"An ugly pass lay before us. We had made fast to the stern of the boat a strong rope about fifty feet long' and three of the men clambered along among the rocks, and with this rope let her down slowly through the pass. In several places high rocks lay scattered about in the channel; and in the narrows it required all our strength and skill to avoid staving the boat on the sharp points. . . . We reached the place where Mr. Preuss was standing, took him on board, and, with the aid of the boat, put the men with the rope on the succeeding pile of rocks. We found this passage much worse than the previous one, and our position was rather a bad one. To go back, was impossible; before us, the cataract was a sheet of foam; and shut up in the chasm by the rocks, which, in some places seemed almost to meet overhead, the roar of the water was deafening. We pushed off again; but, after making a little distance, the force of the current became too great for the men on shore, and two of them let go the rope. Lajeunnesse, the third man, hung on, and was jerked headforemost into the river from a rock about twelve feet high; and down the boat shot like an arrow, Basil following us in the rapid current, and exerting all his strength to keep in mid channel — his head only seen occasionally like a black spot in the white foam. How far we went, I do not exactly know; but we succeeded in turning the boat into an eddy below . . . Lajeunnesse . . . owed his life to his skill as a swimmer; and I determined to take him and the two others on board, and trust to skill and fortune to reach the other end in safety. We placed ourselves on our knees, with the short paddles in our hands, the most skilful boatman being at the bow; and again we commenced our rapid descent. We cleared rock after rock, and shot past fall after fall, our little boat seeming to play with the cataract. We became flushed with success, and familiar with the danger; and, yielding to the excitement of the occasion, broke forth together into a Canadian boat song. Singing, or rather shouting, we dashed along; and were, I believe, in the midst of the chorus, when the boat struck a concealed rock immediately at the foot of a fall, which whirled her over in an instant. Three of my men could not swim, and my first feeling was to assist them, and save some of our effects; but a sharp concussion or two convinced me that I had not yet saved myself."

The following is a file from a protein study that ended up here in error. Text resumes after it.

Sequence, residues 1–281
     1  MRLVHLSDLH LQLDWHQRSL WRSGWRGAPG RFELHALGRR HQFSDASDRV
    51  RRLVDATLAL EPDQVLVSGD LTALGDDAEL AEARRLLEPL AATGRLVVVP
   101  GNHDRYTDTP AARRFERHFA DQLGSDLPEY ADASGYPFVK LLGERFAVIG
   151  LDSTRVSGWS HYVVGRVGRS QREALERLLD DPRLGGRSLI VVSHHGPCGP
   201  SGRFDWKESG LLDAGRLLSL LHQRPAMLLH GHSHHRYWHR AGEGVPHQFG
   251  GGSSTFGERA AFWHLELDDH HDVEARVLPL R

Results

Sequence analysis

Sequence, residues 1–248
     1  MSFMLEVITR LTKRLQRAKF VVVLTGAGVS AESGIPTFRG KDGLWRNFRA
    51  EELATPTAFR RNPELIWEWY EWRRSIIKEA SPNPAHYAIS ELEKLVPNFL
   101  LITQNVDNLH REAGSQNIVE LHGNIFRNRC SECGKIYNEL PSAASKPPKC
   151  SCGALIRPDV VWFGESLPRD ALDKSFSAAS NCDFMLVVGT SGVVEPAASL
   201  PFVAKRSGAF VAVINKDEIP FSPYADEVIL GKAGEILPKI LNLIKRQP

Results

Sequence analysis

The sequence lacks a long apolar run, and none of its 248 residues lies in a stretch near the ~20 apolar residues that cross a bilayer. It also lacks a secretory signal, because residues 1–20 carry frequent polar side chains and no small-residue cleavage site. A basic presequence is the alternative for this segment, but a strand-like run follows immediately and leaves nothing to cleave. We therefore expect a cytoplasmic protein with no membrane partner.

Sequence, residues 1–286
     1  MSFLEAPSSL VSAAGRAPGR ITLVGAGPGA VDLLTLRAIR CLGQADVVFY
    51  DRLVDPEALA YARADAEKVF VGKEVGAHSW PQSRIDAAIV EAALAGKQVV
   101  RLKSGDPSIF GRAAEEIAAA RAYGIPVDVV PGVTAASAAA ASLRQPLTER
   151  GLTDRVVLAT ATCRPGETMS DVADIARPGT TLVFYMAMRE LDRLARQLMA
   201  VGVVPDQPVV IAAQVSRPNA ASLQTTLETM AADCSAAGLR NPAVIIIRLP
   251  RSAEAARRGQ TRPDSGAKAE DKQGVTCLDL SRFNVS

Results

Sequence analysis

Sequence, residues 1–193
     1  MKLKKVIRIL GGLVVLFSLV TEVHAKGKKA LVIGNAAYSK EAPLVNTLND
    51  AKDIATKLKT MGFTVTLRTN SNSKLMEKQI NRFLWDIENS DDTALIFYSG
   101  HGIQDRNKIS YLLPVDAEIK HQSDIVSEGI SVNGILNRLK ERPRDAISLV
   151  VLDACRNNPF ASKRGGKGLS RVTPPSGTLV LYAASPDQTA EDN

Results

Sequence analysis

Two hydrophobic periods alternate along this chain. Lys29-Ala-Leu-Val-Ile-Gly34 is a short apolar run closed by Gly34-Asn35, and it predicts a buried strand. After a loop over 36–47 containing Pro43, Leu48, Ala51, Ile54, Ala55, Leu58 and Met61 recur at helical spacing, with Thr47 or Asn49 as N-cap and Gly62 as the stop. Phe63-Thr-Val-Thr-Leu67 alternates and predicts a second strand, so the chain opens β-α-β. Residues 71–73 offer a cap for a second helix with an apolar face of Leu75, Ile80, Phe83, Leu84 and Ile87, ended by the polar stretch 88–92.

Fremont for his Report of the exploring expedition to the Rocky Mountains in the year 1842, and to Oregon and north California in the years 1843-'44 (pages 74-75).

  • What can you infer about the early westward explorers from the published trail guides? What kinds of qualifications and skills did they have?
  • How many people comprised the expeditions?
  • What tools, materials, and privileges did explorers have with which to accomplish their missions?
  • How dangerous were their missions?
  • How were expeditions organized and managed?
  • What was the cost if an explorer did not return safely from his expedition?